Impaired driving is a leading cause of violent death in Canada. There are often large discrepancies in the sentences handed down for offenders committing the same offence across the country, or even within the same province. The crimes of impaired driving causing death or impaired driving causing bodily harm have no minimum sentence in Canada. Lenient sentences handed down to some drivers, combined with credit given for jail time served pre-sentencing have left many people unhappy with the system as it stands in Canada.
As law enforcement, victim’s advocates and the public become increasingly impatient with seemingly inconsistent or lenient penalties handed to some impaired drivers, I thought it would be a good time to review the system.
In Canada, the principles behind sentencing law are confusing, but they are guided by ‘sentencing principles’, and the ‘fundamental principle’ and ‘fundamental purpose’ of law. Sentences have to be consistent with these principles. Judges are given board discretion in the sentences that they hand down.
The Criminal Code states the ‘fundamental principle’ of any sentence is that the sentence must be proportionate to the gravity of the offence, and must take into account the degree to which the offender was responsible for the act. The ‘fundamental purpose’ of sentencing under the Criminal Code states the purpose of sentencing is
‘to contribute…to respect for the law and maintenance of a just, peaceful and safe society...imposing just sanctions that have one or more of the following objectives: denunciation; deterrence of the offender and others; rehabilitation; separation of the offender from society…; reparation; and promotion of a sense of responsibility in the offender and acknowledgment of the harm done to the victim’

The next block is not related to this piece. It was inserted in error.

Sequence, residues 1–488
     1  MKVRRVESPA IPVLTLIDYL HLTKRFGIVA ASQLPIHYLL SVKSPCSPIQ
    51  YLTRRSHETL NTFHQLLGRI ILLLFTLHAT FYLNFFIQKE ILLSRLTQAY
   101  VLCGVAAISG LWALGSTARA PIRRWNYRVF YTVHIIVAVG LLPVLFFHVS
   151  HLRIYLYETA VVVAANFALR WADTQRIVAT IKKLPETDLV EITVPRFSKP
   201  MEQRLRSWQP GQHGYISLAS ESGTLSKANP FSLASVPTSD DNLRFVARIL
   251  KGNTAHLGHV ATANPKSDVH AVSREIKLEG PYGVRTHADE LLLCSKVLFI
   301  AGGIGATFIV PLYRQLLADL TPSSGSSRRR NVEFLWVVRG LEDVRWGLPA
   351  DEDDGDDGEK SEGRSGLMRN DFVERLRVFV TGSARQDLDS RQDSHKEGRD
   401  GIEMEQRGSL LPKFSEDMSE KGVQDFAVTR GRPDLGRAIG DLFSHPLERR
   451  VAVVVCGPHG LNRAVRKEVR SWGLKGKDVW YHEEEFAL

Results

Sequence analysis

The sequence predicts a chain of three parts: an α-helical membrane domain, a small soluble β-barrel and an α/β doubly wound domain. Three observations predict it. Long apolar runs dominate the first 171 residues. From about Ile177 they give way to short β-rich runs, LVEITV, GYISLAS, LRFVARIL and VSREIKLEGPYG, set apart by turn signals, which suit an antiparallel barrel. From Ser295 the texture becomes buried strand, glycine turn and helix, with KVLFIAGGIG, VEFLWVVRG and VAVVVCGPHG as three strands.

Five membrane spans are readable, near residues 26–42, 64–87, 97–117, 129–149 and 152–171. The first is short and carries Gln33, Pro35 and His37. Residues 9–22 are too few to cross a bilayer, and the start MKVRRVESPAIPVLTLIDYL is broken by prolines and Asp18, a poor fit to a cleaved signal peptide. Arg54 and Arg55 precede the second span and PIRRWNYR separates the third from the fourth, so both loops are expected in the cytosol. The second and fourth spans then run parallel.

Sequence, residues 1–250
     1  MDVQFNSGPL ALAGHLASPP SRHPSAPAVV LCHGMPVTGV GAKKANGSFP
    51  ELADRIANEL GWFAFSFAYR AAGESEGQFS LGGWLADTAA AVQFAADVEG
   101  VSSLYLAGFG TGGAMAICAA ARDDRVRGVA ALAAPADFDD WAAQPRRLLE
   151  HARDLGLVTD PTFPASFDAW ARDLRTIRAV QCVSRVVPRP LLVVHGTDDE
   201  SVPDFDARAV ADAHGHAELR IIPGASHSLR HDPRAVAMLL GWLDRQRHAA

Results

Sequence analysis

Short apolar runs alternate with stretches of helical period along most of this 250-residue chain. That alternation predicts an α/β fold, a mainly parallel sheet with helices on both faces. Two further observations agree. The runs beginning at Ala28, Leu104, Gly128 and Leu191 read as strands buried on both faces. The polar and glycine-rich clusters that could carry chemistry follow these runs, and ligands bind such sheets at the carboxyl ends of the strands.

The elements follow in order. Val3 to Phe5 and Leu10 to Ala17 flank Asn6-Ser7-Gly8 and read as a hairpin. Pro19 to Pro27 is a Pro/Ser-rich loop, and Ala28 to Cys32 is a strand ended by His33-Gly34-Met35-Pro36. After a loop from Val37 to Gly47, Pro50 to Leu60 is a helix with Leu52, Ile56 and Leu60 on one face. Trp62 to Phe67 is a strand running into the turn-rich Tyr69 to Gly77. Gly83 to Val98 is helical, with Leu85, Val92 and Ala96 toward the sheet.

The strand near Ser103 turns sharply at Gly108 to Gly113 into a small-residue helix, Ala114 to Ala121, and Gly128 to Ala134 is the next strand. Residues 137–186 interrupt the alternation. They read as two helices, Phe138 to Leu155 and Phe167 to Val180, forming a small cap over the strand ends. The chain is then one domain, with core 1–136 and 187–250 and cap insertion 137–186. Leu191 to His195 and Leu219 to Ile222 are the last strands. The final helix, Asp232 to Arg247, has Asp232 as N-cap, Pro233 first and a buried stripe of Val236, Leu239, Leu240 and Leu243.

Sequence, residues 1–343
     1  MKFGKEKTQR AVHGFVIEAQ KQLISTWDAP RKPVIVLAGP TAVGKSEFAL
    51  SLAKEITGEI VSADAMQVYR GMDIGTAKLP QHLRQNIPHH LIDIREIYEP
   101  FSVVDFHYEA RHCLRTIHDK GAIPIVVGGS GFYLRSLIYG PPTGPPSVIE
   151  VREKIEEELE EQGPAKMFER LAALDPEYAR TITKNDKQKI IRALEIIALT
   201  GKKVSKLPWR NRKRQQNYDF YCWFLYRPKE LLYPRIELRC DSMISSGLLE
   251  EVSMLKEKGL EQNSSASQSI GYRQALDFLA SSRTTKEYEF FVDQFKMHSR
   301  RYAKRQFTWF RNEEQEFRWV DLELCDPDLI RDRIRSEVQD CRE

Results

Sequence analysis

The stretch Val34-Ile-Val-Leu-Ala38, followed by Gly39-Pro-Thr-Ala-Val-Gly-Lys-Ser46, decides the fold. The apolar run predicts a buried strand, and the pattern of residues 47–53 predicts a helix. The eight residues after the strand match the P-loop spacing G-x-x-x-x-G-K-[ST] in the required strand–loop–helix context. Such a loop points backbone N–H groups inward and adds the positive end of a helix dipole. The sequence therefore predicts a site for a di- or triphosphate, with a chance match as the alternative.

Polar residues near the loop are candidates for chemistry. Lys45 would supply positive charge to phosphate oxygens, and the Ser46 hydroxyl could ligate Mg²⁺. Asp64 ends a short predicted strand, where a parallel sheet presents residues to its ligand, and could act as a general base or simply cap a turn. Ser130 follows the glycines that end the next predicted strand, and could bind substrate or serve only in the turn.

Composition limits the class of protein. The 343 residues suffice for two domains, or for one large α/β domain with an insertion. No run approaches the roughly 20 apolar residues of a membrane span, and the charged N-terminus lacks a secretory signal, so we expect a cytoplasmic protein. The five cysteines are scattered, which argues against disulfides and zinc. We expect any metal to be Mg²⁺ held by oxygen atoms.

Judges also consider mitigating factors like previous behavior, level of impairment, prior convictions for impaired driving or violent offences, age/disability/addiction, and a guilty plea showing remorse and willingness to accept responsibility for the act.
There isn’t much direction given to the court as to the quantification of the sentences. Judges can choose whether to hand down stiff sentences, citing the goals of denunciation/deterrence. Judges can choose to hand down more lenient sentences citing the objective of rehabilitation. The variation in sentences can leave the public and victims angry and confused. Adding to confusion, in Canada judges generally sentence people with concurrent sentences rather than consecutive ones, which means time served may be the same whether an impaired driver kills one person or a carload full. This is inconsistent with the sentences that many people hear about in American TV and news.
Repeat offenders are often handed harsher sentences which keeps them off the road while incarcerated, but many of these individuals struggle with addiction issues and will drive after release regardless of whether they are impaired, and regardless of whether they are still licenced. MADD Canada advocates for maximum sentences for anyone convicted of three impaired offences in a ten-year time span.
Catching impaired drivers is an enormous challenge for law enforcement officers, who rely on calls from the public for the majority of their charges being laid. If you see someone driving impaired call 911 and report them. You may save a life.